Yes, a very large problem, somewhere down the road.

My sense of it is that Kashkari, Powell et al know they got rolled but they're going to do their best not to pull the rug out from under the new Admin.

jennys_mn
Veteran Advisor

Re: The CF election, economy, and stock market


Yes Nox - you are so right.   A friend asked me the other day, since he had some money to invest, should he put it in the stock market now that President Biden had won.   An easy answer - not just NO - HELL NO!!!

Yes, it is funny how under Trump, the “economy” was the “stock market”.   Bitch, bitch, bitch, is all we heard when President Obama was in office, how terrible the “economy” was, and the stick market was not “the economy”.   All that changed when Trump got in office.   Millions of people out of work, but “the economy” was “great”, because the stock market went up.   Yeah - OK.   Sure.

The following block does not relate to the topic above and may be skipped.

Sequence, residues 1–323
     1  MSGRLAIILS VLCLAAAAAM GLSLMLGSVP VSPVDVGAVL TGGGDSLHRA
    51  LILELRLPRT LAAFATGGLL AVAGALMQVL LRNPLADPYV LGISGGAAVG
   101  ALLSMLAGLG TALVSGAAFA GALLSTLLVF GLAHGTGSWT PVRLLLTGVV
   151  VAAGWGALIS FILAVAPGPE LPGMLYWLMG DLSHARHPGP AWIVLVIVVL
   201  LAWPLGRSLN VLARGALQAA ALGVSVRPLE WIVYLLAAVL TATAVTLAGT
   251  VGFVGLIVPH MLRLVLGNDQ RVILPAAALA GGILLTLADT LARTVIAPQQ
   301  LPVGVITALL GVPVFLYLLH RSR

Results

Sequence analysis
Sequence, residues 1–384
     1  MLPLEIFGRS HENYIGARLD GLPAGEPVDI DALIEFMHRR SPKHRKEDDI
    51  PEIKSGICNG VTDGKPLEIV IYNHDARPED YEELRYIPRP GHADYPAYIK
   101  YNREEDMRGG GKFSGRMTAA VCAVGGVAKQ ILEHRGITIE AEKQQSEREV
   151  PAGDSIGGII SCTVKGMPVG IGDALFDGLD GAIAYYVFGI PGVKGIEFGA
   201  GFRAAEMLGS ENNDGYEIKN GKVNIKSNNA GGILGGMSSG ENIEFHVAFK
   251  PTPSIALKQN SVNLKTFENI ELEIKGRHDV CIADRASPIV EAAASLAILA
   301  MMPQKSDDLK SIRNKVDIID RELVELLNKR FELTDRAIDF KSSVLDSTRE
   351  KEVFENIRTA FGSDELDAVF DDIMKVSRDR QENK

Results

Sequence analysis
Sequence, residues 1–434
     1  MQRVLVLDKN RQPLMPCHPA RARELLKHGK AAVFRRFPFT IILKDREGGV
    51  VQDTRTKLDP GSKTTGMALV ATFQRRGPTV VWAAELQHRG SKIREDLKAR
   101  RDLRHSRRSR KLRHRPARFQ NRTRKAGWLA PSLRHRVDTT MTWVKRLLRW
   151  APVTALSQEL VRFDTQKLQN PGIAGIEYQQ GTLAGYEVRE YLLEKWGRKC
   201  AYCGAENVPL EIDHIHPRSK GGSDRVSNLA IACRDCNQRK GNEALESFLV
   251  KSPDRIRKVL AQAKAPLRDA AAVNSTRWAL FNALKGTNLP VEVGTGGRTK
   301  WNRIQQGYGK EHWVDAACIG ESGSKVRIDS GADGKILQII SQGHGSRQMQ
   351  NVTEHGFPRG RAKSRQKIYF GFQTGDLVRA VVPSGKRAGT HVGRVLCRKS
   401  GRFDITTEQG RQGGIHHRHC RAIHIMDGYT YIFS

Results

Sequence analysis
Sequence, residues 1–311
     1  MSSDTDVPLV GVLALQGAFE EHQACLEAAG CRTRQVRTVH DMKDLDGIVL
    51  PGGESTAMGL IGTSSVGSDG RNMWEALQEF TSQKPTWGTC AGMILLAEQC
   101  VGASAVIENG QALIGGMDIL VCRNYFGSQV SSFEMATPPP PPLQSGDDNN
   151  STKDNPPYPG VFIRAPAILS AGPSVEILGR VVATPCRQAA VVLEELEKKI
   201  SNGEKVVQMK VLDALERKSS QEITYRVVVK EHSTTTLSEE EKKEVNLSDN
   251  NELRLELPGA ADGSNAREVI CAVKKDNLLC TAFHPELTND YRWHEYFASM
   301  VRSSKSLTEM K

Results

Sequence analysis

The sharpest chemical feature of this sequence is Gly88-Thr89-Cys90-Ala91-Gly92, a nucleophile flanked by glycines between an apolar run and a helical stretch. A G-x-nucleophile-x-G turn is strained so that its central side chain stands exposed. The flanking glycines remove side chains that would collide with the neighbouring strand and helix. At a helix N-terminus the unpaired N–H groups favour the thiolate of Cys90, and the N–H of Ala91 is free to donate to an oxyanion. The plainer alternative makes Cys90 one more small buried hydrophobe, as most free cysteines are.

The day of reckoning for the stock market will come.   And the higher and longer we go, the worse the crash will be.   And, it will be ugly.   But, just keep your money in it - just like you have been told to always do.   It’ll eventually come back up to where it was when it crashed.  It took farms 7 years to reach the bottom after the crash in 1981.  And then it took 7 more years for it to exceed where it had been.   Same thing with the housing crisis.  I suspect, this “bubble” will see something similar.   Maybe.  And if you live long enough, you may actually recover your losses in 15 to 20 years.  Not make ANY money - but recover your losses.

Jen

Packard27
Senior Contributor

Re: The CF election, economy, and stock market

I fear that some form of currency devaluation is in our future. Whether it occurs in weeks, months, or years I cannot say. Nevertheless, our forty year party of prolifigate spending seems closer to its ending than it does to its beginning. When the end does come, try to remember that the crisis was always self inflicted and bi-partisan.